It is hard to imagine management without media. The larger an organisation, the more vital are the means of administration and control furnished by media infrastructures. With ideals of accountability and (self-)optimisation deeply engrained into the logic of contemporary 'audit societies', the interdependence between media and management becomes even more evident.
At the heart of management is the act of making decisions. It is also here where the role of media becomes the most manifest, from the bureaucratic and logistical frameworks surrounding decisions to Decision Support Systems and Decision Simulations directly addressing the problem of executive decision-making.
The aim of the workshop is to develop a critical-genealogical perspective on these ‘decision devices’, by discussing which relationships between human and machine they establish. What does it mean to 'support' or 'simulate' a decision, in terms of automation, delegation, formalisation, and the reduction of complexity? What notions of efficiency and rationality are inscribed into these apparatuses and what kind of subjectivities do they (aim to) produce? How can specific combinations between descriptive and prescriptive aspects be distinguished?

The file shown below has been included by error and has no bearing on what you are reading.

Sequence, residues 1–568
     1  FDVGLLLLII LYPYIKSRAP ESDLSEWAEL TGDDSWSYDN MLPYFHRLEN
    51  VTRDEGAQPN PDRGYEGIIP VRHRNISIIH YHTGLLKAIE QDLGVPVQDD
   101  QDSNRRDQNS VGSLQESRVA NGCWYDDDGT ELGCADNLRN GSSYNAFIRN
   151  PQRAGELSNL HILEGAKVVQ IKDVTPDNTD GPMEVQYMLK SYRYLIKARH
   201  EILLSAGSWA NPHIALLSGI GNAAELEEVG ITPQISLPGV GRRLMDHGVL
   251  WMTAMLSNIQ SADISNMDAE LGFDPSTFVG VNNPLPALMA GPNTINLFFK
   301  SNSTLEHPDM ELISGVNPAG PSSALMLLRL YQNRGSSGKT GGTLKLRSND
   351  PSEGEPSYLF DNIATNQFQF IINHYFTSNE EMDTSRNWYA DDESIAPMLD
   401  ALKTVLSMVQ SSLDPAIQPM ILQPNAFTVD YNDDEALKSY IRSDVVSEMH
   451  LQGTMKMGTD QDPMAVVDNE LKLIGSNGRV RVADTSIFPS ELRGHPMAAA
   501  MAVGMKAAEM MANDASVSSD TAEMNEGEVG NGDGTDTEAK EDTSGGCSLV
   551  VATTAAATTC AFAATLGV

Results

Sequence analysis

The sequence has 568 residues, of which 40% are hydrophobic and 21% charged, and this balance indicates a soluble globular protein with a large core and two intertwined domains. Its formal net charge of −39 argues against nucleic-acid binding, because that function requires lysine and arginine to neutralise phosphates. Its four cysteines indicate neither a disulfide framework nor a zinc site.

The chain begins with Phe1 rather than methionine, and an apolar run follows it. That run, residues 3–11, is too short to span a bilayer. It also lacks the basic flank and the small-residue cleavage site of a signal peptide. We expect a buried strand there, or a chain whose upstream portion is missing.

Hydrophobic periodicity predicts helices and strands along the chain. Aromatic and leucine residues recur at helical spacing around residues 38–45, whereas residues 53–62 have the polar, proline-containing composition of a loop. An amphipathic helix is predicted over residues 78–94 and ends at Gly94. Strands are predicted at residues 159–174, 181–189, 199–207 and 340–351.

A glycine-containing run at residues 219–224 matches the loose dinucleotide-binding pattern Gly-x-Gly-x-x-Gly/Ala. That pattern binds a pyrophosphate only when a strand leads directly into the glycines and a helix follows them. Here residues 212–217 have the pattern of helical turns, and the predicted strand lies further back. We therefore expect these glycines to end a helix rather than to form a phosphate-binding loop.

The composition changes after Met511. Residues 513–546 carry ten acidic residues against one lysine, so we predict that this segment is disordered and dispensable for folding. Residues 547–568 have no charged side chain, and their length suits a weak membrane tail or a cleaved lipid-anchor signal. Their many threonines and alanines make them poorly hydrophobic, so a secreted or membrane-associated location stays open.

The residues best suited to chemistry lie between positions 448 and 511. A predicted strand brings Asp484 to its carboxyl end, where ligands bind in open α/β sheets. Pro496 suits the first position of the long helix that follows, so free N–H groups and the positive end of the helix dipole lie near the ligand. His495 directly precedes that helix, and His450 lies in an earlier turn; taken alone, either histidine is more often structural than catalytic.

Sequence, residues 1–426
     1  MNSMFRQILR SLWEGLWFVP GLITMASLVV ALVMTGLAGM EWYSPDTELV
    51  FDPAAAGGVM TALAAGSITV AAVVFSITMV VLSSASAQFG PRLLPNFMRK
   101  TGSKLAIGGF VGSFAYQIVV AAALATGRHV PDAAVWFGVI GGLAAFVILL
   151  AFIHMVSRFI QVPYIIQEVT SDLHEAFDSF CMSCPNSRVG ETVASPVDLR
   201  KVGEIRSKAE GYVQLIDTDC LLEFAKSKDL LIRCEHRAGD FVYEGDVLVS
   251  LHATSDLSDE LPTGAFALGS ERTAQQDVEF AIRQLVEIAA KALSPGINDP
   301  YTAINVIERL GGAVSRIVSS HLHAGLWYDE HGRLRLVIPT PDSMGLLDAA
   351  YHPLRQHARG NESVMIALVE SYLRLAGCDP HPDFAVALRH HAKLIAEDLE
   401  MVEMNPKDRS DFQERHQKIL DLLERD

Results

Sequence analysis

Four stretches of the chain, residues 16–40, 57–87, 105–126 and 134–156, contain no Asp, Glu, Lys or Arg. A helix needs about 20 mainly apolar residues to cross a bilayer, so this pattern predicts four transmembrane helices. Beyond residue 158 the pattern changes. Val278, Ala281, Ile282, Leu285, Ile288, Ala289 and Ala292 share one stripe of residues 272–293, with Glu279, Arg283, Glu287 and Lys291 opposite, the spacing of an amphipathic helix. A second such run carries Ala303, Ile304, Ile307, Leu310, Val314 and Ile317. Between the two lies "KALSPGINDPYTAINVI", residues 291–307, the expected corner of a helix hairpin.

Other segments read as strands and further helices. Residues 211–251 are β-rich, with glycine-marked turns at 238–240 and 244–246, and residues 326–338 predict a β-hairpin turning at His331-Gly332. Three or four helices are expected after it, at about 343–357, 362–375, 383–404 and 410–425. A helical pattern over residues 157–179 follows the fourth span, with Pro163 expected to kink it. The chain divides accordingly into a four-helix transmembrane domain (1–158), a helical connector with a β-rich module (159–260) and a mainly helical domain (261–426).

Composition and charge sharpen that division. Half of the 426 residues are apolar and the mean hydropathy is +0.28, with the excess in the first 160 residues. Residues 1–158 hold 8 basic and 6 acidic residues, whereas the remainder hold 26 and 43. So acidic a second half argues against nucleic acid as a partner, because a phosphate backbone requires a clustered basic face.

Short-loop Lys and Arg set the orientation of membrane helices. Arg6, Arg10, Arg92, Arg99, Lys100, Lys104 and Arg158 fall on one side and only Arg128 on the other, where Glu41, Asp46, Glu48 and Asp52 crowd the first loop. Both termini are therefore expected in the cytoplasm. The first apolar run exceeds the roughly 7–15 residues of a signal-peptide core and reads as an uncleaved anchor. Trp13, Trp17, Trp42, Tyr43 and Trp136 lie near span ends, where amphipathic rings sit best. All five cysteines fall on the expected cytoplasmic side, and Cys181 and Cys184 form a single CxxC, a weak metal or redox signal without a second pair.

The presentations have been selected to cover different time frames as well as different technical and conceptual layers of the relevant media infrastructures – from databases via data models and algorithms to interfaces and visualisations. In combination, these perspectives will provide a significant contribution to the history of managerial media and shed light on the question why some of these trajectories are currently gaining in relevance.
14.30 Jan Distelmeyer, Potsdam
Stable Instability. Managing Competition with Interfaces
15.30 Armin Beverungen, Lüneburg
Algorithmic Management: Decision and Control through Data, Clouds and Things
17.00 Aleksandra Przegalinska, Warsaw
A Genealogical Analysis of Selected Ethical Decision Support Systems
18.00 Nathaniel Tkacz, Warwick
Decisions Everywhere (and Nowhere): The Taming of Cognition
Participation is free of charge, but please register until 18 October: firstname.lastname@example.org
Tobias Conradi, Rolf F. Nohr, Theo Röhle
Research Project “Business Games as a Cultural Technique”
Braunschweig University of Art